We can’t stress enough the need to talk with your Deloitte advisor about options for managing provisional tax payments if you cannot make planned provisional tax instalments. The rules have become a lot more complicated in recent years as several technical changes have been made, particularly concerning how UOMI is imposed on provisional tax. If you now expect the tax liability for 2022 to be lower than 2021, there are options, but it is necessary to ensure UOMI is minimised in this regard. While it is possible to estimate 2022 provisional tax lower (as opposed to paying based on prior years Residual Income Tax), there are UOMI consequences to be aware of, particularly if a company is in a group of companies.
As a result of the first lockdown in 2020, the government did introduce a targeted temporary UOMI relief rule for those small to medium provisional taxpayers significantly affected by COVID-19. This might still be relevant for businesses that are yet to file their 2021 returns if they expect UOMI to be imposed. But this relief only applied to UOMI imposed on underpaid 2021 provisional tax. The Inland Revenue advised that, as of December 2021, sections 6H and 6I of the Tax Administration Act 1994 does not allow the extension of this relief to the 2022 tax year but we would not be surprised to see this concession extended in some form.
Investigate tax pooling options
Tax pooling intermediaries offer many options when it comes to managing provisional tax payments and UOMI. Tax pooling is particularly useful when there are decreasing profits or missed payments. It can also allow taxpayers to postpone tax payments (at a competitive interest rate) to free up working capital. We suggest you talk to your Deloitte advisor to find out more about tax pooling and whether it is right for your business.
COVID-19 variations to ease administrative issues
During the 2020 lockdown, the Government passed legislation that enabled the Commissioner of Inland Revenue to quickly issue temporary variations for administrative issues arising as a result of COVID-19. These were mainly around extending due dates, deadlines, time periods or varying a procedural or administrative requirement. While most of these have now expired, we can still raise new issues on taxpayers’ behalf with Inland Revenue via a dedicated unit.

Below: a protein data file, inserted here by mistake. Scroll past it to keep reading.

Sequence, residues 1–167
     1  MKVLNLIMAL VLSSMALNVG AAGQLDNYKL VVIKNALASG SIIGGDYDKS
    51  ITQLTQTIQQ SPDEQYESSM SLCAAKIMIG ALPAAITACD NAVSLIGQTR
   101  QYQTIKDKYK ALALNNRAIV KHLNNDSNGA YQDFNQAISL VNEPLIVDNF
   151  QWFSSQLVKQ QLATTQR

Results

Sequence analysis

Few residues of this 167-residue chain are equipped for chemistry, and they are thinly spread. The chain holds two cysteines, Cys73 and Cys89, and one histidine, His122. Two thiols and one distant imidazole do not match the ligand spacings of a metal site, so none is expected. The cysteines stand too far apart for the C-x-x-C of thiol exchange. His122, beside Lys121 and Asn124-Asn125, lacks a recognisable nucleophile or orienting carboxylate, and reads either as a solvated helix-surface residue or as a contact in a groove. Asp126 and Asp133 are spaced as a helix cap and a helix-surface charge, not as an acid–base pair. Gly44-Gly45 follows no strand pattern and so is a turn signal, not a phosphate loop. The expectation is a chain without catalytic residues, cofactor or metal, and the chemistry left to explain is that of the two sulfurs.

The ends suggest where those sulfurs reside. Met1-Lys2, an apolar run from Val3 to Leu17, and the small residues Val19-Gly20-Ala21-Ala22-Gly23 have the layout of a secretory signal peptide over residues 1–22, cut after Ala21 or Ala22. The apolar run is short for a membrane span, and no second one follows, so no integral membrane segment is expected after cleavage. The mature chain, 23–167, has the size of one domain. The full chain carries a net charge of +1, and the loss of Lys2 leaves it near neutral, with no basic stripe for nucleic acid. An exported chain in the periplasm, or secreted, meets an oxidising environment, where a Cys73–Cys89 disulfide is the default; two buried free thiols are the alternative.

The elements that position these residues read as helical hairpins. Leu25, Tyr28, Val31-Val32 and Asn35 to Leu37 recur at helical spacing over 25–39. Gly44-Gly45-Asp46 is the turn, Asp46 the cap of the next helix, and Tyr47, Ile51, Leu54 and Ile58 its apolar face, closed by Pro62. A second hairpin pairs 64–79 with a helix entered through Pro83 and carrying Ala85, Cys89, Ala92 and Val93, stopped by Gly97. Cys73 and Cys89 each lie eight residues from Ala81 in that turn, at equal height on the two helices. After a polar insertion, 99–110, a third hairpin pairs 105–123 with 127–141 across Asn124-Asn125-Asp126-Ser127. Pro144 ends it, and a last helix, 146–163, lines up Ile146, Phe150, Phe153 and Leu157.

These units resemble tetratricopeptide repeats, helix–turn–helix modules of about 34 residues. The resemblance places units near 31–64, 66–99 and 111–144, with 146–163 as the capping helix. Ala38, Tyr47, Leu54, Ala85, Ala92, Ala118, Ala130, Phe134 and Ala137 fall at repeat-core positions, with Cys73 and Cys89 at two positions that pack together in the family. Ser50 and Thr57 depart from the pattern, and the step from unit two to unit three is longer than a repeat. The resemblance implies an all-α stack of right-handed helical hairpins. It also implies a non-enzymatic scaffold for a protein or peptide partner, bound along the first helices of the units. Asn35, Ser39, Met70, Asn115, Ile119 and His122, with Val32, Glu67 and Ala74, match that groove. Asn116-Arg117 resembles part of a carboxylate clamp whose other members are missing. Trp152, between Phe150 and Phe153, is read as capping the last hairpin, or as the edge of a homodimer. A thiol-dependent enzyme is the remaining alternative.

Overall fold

Small Business Cashflow Loan
Businesses with 50 or fewer employees can be eligible to apply for a Small Business Cashflow Loan. This scheme, administered by Inland Revenue, allows certain businesses to apply for a loan of up to $100,000. The maximum value of the loan available is $10,000 plus $1,800 per full-time equivalent employee. Loans are interest-free for a period of up to two years (if fully repaid in that time). The Minister of Finance recently indicated that the Small Business Cashflow Loan is being reviewed and may be enhanced to provide further support to businesses.
Other Government Support
The Ministry of Social Development still provides businesses to apply for the Leave Support Scheme or Short-Term Absence Payment when staff are required to isolate and cannot work from home. You can find out more about these payments in our separate article.
If you have any questions concerning the issues discussed above, please consult your usual Deloitte advisor.
February 2022 Tax Alerts
- Isolating staff drive entitlements for Leave Support Scheme and Short-Term Absence Payment
- Red Alert: What this means
- Mind your taxes, when thinking about vaxes
- Are you remote working in New Zealand for a foreign employer? Inland Revenue’s finalised view
- Tax fact or fiction?
- Navigating the world of non-cash dividends
- New guidance from Inland Revenue on foreign exchange rates
- Charities and Donee organisations
- When is interest not interest but is income?
- New Regional Comprehensive Economic Partnership takes effect
- Hybrids rules and BEPS disclosures for 2021 tax returns: understanding your obligations
- Snapshot of recent developments